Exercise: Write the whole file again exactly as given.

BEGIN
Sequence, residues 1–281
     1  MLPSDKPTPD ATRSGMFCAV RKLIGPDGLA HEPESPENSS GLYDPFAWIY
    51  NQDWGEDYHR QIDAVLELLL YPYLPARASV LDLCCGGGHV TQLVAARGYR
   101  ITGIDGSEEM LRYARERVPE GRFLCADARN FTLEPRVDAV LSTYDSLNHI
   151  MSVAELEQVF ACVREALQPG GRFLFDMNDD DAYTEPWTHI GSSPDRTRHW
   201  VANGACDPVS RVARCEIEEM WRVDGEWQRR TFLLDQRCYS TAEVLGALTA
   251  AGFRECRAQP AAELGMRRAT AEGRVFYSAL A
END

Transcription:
Sequence, residues 1–281
     1  MLPSDKPTPD ATRSGMFCAV RKLIGPDGLA HEPESPENSS GLYDPFAWIY
    51  NQDWGEDYHR QIDAVLELLL YPYLPARASV LDLCCGGGHV TQLVAARGYR
   101  ITGIDGSEEM LRYARERVPE GRFLCADARN FTLEPRVDAV LSTYDSLNHI
   151  MSVAELEQVF ACVREALQPG GRFLFDMNDD DAYTEPWTHI GSSPDRTRHW
   201  VANGACDPVS RVARCEIEEM WRVDGEWQRR TFLLDQRCYS TAEVLGALTA
   251  AGFRECRAQP AAELGMRRAT AEGRVFYSAL A